Alex Barnett is looking forward to traveling with his three year old son for the holidays. Or maybe not.
It’s that time again. The holidays. Time for my wife and me to pack our stuff and our 3 year-old son to go on vacation. And, by “vacation” I don’t actually mean “vacation.” I mean going to visit other, older members of our families. And, by visit I don’t mean “visit.” I mean stay with them, trapped in their homes, subjected to dinner at 5 pm and defending our parenting methods.
First comes the packing. By the time, we’re done with that process – packing toys and diapers and at least three outfit changes per day (gotta account for “accidents”), our son’s duffle will be so big and overstuffed it will look like that of a Navy Seal going away on a year-long deployment.
Next comes the coordination phase. Countless calls to the Grandparents to give them our day and time of arrival. You’ll also call your extended family promising that we will come visit them too, though we don’t know why they want to see us since we don’t talk to them the other 364 days per year.
The third step in this process is the ever-popular last-minute work emergency. If you plan to take time off, especially to visit family, you can bank on the fact that a crisis will erupt at your workplace that you, and only you, are capable of handling. And, as you watch the minutes countdown to the time you’re actually supposed to leave, you will scramble around the office looking for the one person who doesn’t have a life and who can cover for you on Christmas Day. This person, in future, will be known as the “bane of your existence” because of their tendency to remind you of the time they “did you a solid” and of their incessant calling in of chits and favors for the one time they helped you out of a jam so you could go spend a week on vacation (read: trapped in a home with people who make you feel like you’re six and make you eat dinner at 5 pm).
Assuming you manage to not let work sabotage your vacation (read: save you from a week of eating dinner at 5 pm at your parents’ and your in-laws’ home), it’s time to depart. Now comes the fun.
If, like us, you have a toddler (and by “toddler” I mean the living embodiment of a rogue nation-state), the travel from home to your destination will require every last bit of strength your work-weakened body can muster. You want to learn about your strength, endurance, and mental toughness? Travel with a toddler. You wanna see if you’ve got the right stuff? Take a toddler and his/her stroller through security at the airport, with 17,000 people in line behind you. You wanna see if you have the ability to go from a standing stop to 60 mph in casual shoes? Let go of your toddler’s hand in the food court/shopping area of any local airport and watch as junior sprints away faster than Usain Bolt. You wanna see if you have nerves of steel and manageable blood pressure? Imagine that moment (and there’s always at least one when traveling with a toddler) when you relax for a half a second and then look around and realize that you don’t see your kid. Just before you scream bloody murder, start crying and keel over from a heart attack, you will feel a tug on your pants. You will look down and see your toddler saying “Daddy, Daddy, Daddy, Daddy, I wanna go. I wanna go. I wanna go.” And, it will pass through your brain for half of a split second that while you were previously going to go get the cops when you thought your child was missing, you now have to go get the cops so that they can prevent you from murdering your child.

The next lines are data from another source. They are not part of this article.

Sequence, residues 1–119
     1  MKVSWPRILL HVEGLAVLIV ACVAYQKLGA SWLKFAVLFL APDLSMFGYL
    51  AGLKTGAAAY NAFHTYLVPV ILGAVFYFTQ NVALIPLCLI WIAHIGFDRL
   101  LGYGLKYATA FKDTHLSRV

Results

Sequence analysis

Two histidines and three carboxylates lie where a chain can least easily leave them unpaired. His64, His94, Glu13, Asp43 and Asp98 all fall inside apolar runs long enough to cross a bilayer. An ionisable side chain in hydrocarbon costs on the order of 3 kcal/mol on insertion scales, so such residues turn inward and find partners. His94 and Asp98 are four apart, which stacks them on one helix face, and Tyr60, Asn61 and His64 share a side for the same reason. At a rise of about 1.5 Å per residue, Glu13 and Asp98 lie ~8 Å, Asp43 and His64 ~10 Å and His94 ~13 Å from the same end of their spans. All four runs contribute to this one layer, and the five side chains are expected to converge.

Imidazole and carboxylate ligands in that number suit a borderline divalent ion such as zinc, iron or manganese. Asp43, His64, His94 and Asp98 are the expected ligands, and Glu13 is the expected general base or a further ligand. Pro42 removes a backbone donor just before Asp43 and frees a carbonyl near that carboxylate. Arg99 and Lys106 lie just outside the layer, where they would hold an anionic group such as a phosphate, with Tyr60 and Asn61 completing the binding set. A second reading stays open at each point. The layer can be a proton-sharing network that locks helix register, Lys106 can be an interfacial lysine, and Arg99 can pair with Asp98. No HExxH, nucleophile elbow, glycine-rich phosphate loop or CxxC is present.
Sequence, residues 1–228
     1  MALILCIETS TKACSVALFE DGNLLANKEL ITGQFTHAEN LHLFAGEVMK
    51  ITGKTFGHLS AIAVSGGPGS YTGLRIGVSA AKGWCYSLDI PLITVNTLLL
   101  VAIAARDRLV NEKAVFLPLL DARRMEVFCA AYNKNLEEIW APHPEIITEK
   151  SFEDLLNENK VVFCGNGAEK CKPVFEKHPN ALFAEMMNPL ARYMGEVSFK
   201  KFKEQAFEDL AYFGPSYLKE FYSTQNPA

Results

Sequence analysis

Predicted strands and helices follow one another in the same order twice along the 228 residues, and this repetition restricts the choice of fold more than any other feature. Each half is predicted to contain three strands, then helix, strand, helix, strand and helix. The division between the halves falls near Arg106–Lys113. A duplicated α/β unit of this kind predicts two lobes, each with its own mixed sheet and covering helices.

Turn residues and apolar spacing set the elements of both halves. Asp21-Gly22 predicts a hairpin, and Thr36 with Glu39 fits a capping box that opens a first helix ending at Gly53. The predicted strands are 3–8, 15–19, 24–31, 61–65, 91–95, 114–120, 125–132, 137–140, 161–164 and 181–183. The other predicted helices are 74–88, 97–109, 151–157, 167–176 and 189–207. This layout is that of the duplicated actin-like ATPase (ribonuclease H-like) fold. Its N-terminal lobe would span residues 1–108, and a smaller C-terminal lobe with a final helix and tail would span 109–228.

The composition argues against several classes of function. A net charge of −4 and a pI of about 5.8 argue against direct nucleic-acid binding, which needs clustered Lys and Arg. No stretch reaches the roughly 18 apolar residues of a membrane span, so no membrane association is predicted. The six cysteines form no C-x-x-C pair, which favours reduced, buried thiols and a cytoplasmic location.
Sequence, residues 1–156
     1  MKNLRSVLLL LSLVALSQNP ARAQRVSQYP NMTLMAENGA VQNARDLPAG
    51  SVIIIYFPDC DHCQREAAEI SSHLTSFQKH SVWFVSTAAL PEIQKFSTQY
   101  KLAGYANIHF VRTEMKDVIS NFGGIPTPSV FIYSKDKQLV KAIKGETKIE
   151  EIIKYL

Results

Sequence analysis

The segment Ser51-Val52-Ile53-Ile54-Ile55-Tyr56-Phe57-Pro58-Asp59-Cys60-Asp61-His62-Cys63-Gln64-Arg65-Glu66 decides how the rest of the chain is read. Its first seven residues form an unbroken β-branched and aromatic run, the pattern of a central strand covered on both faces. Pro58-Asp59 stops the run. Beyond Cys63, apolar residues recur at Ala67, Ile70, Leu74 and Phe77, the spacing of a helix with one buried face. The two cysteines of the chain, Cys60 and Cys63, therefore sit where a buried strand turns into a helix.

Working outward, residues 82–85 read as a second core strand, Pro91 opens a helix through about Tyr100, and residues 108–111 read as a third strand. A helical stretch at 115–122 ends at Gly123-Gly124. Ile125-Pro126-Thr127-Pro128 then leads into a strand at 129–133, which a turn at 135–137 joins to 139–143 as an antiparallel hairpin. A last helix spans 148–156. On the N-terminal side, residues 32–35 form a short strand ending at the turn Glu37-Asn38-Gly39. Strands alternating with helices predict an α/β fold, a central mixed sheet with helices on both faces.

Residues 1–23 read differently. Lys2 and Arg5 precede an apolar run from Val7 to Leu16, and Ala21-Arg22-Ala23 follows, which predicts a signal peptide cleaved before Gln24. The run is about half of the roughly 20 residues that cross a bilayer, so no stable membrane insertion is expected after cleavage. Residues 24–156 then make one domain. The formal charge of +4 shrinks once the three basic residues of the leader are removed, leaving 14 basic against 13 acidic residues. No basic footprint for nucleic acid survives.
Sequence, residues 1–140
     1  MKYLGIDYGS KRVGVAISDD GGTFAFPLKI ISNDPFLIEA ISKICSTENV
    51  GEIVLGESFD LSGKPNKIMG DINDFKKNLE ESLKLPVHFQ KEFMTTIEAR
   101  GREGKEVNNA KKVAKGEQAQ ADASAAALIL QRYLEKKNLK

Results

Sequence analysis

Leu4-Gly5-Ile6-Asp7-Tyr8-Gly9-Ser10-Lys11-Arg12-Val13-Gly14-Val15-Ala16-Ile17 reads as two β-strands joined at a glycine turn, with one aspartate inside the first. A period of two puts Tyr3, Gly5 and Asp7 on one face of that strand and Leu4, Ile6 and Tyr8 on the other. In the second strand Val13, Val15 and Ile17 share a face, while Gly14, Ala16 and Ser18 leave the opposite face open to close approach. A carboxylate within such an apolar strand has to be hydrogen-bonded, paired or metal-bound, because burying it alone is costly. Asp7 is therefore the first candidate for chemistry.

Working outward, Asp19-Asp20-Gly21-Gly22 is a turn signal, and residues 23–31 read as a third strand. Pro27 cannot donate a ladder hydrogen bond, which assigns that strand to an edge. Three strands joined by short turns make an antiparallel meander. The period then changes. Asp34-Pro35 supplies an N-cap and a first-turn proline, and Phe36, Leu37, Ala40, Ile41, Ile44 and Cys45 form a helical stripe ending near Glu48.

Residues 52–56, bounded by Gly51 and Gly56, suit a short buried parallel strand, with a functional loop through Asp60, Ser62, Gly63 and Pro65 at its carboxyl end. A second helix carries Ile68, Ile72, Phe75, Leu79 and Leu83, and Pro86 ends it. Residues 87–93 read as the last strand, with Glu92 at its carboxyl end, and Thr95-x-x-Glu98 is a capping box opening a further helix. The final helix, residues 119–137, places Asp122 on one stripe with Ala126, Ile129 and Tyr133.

And, if you can make it past all that, there’s one more hurdle you must clear before you make it to your ultimate destination — the nirvana, the paradise (read: home of grandparents who will make you eat dinner at 5 pm) to which you are traveling. It’s this: at some point, your toddler will do something, it may not even be something that bad, but it will be timed to coincide with your moment of greatest vulnerability. It will be after you’ve weathered the dagger-like stares of strangers who think, “How dare you bring a 3 year old out into public!”
It will be after you’ve had to change a poopy diaper in broad daylight in front of 10,000 people who are making snide comments about why a 3 year old isn’t already toilet trained. It will be after your pride and joy has asked you “Why?” for the gazillionth time. That’s when it will happen. I don’t know what “it” is, but it will be involve you telling your child not to do something that could theoretically cause him or her injury, and he or she will ignore you and do it anyway. “Get down off the back of that chair,” you’ll say. And, your little angel won’t. And, you’ll look at your son or daughter, and you’ll say: “Get down now! I don’t want you to get hurt.” And, they’ll smile and not budge. And, then you’ll say, “If you don’t get down now, you’re gonna be sorry.” And, that’s when you know the vacation has begun – because they’ll refuse, and then everything will be just as it should be, for in the next moment you will make sure that your child feels just as sorry as you do for agreeing to go on this vacation (read: week living in someone else’s house, sleeping on a pullout sofa, eating dinner at 5 pm) in the first place.
Photo: Heather Poole/Flickr